First, the legalities. There is no serious dispute that speech depicting violence is not among those few categories of speech wholly beyond First Amendment protection—things like obscenity (meaning sexual obscenity, not “obscene” violence), incitement, and fighting words. And there is no serious dispute that this means that the California law is constitutional only if it survives strict scrutiny—i.e., only if it serves a compelling government interest by narrowly tailored means.
Simplifying somewhat, this means that the law has to advance a very important purpose confided by our system to the government and, in addition, promote that purpose by limiting free speech only to the extent truly necessary. Both parts of this test are important, because there are many important purposes that our system does not confide to the government (e.g., reaching eternal salvation) and many it does so confide (e.g., preserving democracy) that could be well served but not in a narrowly-tailored way by suppressing free speech (e.g., by banning certain political tracts).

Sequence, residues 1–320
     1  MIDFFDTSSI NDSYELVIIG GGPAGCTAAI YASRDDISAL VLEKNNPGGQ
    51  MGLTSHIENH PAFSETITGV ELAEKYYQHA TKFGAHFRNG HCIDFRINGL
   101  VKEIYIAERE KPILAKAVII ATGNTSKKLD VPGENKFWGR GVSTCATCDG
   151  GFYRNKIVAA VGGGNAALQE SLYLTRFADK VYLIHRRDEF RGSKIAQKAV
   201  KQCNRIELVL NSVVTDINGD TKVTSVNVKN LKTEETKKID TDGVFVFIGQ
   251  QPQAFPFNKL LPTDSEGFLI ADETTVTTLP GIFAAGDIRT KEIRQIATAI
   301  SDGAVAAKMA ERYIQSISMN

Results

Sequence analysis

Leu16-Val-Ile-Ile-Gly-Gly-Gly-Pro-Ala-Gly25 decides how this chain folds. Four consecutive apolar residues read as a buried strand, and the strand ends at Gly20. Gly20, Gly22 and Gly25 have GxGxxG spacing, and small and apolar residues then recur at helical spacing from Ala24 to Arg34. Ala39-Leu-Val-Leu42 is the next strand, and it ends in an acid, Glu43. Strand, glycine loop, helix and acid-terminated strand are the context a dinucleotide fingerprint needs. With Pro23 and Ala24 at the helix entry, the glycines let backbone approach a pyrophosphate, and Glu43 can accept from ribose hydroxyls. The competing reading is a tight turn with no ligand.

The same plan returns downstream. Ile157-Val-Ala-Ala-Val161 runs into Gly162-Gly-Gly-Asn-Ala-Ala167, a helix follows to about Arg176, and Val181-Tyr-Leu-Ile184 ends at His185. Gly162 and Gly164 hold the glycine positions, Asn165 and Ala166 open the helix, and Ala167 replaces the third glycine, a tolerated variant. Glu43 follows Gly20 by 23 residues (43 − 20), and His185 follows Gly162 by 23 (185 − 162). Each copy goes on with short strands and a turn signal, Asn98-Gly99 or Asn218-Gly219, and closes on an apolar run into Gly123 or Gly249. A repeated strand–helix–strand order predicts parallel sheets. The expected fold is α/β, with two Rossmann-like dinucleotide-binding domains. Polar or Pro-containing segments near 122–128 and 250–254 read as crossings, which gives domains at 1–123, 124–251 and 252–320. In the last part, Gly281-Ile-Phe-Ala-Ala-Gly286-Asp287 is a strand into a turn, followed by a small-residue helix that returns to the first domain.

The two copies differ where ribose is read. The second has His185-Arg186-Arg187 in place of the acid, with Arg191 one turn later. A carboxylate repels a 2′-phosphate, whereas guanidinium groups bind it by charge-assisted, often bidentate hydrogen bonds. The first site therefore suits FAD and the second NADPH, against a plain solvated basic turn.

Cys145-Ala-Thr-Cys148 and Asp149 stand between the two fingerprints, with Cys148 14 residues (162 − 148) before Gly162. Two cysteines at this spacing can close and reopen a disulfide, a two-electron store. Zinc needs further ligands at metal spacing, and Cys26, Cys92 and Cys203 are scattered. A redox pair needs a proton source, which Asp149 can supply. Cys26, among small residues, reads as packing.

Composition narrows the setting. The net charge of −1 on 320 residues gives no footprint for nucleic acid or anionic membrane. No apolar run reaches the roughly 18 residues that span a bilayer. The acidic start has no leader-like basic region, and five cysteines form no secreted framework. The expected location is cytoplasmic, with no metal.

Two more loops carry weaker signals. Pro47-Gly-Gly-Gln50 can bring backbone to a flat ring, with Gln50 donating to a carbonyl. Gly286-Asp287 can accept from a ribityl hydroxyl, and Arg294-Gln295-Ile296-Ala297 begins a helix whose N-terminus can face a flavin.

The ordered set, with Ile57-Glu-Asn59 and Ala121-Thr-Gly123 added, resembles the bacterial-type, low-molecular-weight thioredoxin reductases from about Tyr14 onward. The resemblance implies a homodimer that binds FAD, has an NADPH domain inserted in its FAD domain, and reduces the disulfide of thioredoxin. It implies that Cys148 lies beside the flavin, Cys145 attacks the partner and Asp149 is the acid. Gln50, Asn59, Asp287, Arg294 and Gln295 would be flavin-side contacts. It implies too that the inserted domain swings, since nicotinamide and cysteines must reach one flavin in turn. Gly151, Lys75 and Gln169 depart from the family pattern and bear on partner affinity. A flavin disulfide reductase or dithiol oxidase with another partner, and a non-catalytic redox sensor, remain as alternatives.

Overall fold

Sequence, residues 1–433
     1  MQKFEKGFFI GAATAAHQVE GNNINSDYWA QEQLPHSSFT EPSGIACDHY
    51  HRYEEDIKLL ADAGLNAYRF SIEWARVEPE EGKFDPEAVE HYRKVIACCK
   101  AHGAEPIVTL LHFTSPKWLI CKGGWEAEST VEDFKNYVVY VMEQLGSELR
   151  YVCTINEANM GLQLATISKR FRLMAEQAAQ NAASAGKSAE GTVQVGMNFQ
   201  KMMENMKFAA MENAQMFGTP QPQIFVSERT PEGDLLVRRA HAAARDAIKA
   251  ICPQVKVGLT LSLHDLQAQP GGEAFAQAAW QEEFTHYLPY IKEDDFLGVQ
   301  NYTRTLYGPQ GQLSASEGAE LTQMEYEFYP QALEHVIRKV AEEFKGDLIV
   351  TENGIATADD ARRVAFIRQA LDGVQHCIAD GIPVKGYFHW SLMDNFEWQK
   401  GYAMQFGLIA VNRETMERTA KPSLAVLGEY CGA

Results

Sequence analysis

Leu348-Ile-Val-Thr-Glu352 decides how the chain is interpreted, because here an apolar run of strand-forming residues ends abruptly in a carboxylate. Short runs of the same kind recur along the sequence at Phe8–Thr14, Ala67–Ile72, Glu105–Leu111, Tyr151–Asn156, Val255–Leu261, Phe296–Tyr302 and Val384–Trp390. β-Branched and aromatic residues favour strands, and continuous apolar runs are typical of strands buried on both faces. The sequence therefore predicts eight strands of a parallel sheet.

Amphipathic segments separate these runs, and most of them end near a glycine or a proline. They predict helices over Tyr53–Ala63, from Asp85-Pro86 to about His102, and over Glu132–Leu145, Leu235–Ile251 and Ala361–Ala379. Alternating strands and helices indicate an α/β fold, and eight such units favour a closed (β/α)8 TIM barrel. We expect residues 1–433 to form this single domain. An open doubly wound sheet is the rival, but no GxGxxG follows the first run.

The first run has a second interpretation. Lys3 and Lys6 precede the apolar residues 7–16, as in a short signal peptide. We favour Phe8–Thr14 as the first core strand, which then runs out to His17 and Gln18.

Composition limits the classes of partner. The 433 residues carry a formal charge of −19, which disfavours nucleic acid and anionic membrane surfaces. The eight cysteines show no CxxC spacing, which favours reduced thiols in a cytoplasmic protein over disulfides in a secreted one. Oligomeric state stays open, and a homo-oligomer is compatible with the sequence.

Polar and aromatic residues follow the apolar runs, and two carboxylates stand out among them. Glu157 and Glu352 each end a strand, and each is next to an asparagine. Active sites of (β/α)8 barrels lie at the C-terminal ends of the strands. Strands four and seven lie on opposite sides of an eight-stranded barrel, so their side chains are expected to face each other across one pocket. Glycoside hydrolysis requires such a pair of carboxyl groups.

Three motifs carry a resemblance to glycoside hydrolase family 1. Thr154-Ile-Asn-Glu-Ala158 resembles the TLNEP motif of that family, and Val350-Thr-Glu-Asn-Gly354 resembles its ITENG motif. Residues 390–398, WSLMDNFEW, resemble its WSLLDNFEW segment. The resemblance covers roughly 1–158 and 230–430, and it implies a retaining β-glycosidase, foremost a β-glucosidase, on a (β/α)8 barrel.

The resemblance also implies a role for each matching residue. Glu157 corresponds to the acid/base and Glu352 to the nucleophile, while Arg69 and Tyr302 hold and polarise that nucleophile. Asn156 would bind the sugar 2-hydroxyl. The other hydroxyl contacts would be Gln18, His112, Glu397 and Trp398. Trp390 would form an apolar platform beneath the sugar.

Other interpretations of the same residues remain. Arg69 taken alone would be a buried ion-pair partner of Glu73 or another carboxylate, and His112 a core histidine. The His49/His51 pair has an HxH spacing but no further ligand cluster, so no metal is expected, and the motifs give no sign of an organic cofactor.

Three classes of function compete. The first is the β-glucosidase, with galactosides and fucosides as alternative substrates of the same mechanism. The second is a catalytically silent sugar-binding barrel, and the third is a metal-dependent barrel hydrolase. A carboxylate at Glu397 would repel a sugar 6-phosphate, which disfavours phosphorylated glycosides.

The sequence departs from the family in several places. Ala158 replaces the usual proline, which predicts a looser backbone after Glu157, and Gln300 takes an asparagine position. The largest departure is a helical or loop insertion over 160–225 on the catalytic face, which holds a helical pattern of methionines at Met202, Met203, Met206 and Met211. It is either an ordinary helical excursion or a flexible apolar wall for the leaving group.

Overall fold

In trying to show that the statute served a compelling government purpose, California argued, on the basis of psychological studies, that playing violent video games makes children more aggressive. Note that, even if correct, the studies did not show that playing violent video games causes children to behave more aggressively (e.g., become violent), only to register more aggression on tests designed by psychologists to assess their dispositions. That video games do not, generally speaking, cause actual violence is obvious: millions of kids play violent video games, but only a tiny percentage of them commit violent crimes, and even among those who do, most do so for reasons unrelated to video games.